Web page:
Prakash Louis regards the Naxalite movement in central Bihar as the People Power, as is evident from the title of his book. But is it really a struggle for the people’s power? Has the 50 years of the Naxalite violence in the Telengana region brought any substantial improvement in the lives of the people? About 90 per cent of the persons killed by the Naxalites are poor and labouring classes from the deprived section of the community, if the “Report of the Advocates Committee on Naxalite Terrorism in Andhra Pradesh is to be believed. The Maoists have been killing civilians, mostly from the disadvantaged sections – Dalits, Girijans and Backward classes – by dubbing them as “police informants”. Nearly 80 per cent of the victims of PWG violence belong to the SCs, STs and BCs. Of 1906 peoples killed in between 1990 to 2002, 1129 were BCs, 216 STs, 139 SCs and 487 of other castes.

Mr Louis further gives statistics of the kisan movement of the CPI during 1948-84, which shows the upper-caste bias in the Naxalite leadership. About 57.8 per cent of leaders came from this section of the community, while only 25.7 per cent constituted the category of martyrs. In contrast, the SC represented only 26.7 per cent of leaders, but 34.3 per cent of martyrs. No wonder, Naxalite organisations do not give statistics of the leaders’ caste composition. Similarly, many Dalit high-level activists of PWG have quit the organisation over the issue of discriminations against them. They said, “The leadership did not trust us with guns.”

Thus, there exists an organisation that kills the backward people, discriminates against the poor for the post of the Naxalite leadership and still professes its allegiance to the well being of the oppressed and the downtrodden. Who is the actual loser in this game of mayhem? Obviously, it is aam aadmi (common man) who is adversely affected by such operations in the name of revolution. The people’s dilemma reminds me of the words of Nicarguan essayist Arturo Cruz Jr: “The (American) Left looks at us as noble savages, while the Right looks at us as savage savages. The Left thinks that we are poor, violent and corrupt because of the Unites States, as if we are incapable of making ourselves poor, violent and corrupt. Meanwhile the Right thinks that we have no capacity for redemption.”

But the question remains: If the Naxalite movement is so mindless, then how is it sustaining itself in different parts of India? If it is not the people’s sympathy and support, than what is the force that is carrying the obsolete concept of “revolution” in an era when the term has lost its relevance? Paul Wilkinson observes in his book, Terrorism and Liberal State, “Rebellions do not generally fade away. They have to be put down ruthlessly and effectively, if normal life and business are to be restored.” This is where the Government of India has failed to perform efficiently, as it never organised a consistent policy towards the Naxalites. At one moment the latter was hounded, and at the other they were pampered. Never was the struggle against Maoists carried to its logical conclusion.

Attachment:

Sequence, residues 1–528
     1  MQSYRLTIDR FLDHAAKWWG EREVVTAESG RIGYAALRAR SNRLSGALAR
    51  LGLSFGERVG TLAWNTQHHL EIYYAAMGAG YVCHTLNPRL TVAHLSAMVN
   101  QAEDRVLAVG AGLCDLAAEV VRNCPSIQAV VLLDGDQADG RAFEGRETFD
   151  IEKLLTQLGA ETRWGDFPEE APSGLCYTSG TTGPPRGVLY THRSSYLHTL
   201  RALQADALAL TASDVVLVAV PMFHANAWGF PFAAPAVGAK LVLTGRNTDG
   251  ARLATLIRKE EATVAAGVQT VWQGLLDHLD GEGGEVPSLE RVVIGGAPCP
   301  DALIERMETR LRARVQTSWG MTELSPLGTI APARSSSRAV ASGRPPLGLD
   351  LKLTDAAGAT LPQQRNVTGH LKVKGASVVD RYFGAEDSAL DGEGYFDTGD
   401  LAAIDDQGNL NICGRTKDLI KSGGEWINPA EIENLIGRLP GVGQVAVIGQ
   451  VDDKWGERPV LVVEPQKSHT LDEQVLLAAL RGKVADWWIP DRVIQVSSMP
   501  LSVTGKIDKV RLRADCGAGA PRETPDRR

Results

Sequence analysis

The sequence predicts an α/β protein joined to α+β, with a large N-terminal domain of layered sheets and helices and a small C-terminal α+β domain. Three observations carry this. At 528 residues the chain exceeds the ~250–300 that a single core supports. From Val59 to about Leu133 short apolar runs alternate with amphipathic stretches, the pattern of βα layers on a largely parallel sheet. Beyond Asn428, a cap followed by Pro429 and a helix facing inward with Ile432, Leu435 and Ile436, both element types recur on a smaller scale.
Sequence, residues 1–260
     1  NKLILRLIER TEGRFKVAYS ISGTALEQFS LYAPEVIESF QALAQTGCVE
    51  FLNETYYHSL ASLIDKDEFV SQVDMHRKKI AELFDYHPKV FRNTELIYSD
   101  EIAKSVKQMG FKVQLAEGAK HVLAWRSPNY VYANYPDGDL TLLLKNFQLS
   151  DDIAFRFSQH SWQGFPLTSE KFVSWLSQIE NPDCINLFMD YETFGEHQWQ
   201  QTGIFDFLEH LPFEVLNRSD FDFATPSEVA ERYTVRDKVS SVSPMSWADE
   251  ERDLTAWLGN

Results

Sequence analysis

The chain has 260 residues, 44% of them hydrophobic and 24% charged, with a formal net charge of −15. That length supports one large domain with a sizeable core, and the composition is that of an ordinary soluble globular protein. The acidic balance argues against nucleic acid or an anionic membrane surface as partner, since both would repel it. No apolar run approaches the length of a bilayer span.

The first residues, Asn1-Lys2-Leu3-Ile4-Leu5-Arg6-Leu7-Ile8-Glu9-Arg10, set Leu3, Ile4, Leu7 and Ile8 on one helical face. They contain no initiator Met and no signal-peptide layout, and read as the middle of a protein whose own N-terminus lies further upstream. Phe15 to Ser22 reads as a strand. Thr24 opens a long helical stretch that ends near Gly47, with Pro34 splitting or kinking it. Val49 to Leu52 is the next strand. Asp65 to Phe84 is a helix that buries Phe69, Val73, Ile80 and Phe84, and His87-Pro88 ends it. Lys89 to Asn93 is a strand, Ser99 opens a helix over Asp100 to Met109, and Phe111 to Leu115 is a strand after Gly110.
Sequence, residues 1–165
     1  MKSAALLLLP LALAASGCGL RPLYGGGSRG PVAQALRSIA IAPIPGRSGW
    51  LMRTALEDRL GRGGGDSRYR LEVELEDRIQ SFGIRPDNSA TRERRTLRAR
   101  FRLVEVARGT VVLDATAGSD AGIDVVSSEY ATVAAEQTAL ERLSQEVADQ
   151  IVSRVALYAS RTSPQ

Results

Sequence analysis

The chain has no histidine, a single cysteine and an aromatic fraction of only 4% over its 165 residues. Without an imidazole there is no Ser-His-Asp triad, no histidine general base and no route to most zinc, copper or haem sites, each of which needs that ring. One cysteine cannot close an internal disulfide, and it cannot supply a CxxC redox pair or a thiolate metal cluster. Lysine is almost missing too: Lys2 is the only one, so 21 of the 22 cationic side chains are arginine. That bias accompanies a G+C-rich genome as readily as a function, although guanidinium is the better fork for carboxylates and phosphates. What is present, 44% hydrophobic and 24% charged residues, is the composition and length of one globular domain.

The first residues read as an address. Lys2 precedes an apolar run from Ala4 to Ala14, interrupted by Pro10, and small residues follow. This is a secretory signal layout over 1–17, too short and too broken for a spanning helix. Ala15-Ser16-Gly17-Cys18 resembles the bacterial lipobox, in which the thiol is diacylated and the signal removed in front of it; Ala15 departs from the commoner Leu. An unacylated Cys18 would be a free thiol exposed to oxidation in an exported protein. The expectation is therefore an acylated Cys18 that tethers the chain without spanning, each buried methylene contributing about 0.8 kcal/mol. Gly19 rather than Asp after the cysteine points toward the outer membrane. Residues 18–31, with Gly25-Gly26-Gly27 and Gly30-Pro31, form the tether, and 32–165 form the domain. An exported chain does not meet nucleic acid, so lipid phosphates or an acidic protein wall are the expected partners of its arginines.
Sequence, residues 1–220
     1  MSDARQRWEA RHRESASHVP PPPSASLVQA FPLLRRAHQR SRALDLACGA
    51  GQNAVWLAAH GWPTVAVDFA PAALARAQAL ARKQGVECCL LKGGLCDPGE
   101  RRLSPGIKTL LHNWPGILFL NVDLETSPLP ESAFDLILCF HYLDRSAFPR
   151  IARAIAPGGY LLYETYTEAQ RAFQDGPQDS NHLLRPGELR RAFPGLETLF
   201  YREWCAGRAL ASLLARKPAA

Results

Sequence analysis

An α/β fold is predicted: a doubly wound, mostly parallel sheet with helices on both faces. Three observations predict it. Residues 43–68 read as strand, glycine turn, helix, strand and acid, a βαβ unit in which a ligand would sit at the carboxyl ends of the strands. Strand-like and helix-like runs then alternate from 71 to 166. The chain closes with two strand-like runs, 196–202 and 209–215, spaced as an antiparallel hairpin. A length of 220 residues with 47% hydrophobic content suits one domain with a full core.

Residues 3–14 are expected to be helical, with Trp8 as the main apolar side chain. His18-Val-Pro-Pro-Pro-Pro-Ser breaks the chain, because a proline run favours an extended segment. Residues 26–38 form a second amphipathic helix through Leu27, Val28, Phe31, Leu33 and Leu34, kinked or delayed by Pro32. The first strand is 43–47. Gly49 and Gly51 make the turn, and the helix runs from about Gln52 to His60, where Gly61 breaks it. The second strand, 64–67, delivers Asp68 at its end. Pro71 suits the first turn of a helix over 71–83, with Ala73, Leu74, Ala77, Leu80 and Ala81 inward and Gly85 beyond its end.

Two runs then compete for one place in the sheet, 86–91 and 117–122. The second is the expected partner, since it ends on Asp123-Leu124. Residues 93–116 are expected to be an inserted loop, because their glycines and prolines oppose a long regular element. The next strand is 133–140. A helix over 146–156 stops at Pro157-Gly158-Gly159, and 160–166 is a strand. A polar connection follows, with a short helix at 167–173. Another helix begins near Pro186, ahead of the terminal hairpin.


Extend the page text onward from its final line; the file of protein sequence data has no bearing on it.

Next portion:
In 1982, the then TDP leader, Mr NT Rama Rao, described the Naxalites as “true patriots who have been misunderstood by ruling classes”. But, by 1985, the increased Maoist menace forced him to assume a tough posture against them. In 1989, the country’s political horizon saw the reincarnation of NTR when the then Congress Chief Minister of Andhra Pradesh, Mr M Chenna Reddy, too recognised the “patriotism” of the Maoists. The Left insurgency in the State again went on rampage that forced the next Chief Minister, Mr N Chandrababu Naidu, to impose ban on them that was again retracted by the current Chief Minister, Mr C Rajasekhar Reddy. It seems the current UPA Government at the Centre is indebted to the Naxalites for aiding the Congress achieve the splendid victory in the Andhra Pradesh Assembly elections. Many Naxalite leaders have already confirmed the existing unambiguous relationship between the Naxalites and the State’s political elite.

If Pawan Verma is to be believed through the analysis of his book, Being Indian, we Indians are quite sensitive to the calculus of power, and display great astuteness in co-operating with the existing centres of power. Such a meek submission was earlier seen when Punjab was bleeding in the late 1980s and early 90s. Whatever the “liberal” intellectuals say, Punjab became normal only when the people were convinced about the superiority of the State over terrorist whose life, as active participant in the acts of terror, was reduced from four years to mere 18 months. The people regained faith on the State apparatus and the situation in Punjab quickly returned to normalcy.

Despite the decline of Communism worldwide, the Leftist ideology continues to dominate India. Even today, the political correctness in the country is being dictated by the prevailing Left prejudice. We continue to follow the obsolete yardstick of the mindless search of the root cause of any incident, which precisely veers around the socio-economic factors. In the process, there is a tendency to lose sight of the primary element associated with the incident. Thus, while dealing with the Maoist menace we talk about trickling down of the socio-economic benefits to the poor without realising the fact that this process needs a semblance of governance in the region. Telengana continues to be under-developed despite 50 years of insurgency in the region. One needs to remember that any benefit could reach to the needy only when the rule of law is established in the region. It is in this perspective that the words of Rabindra Ray make sense: “If the Naxalite violence is to be checked, it demands the meeting of violence with violence.” Only then the socio-economic preventives would be effective in healing the malaise.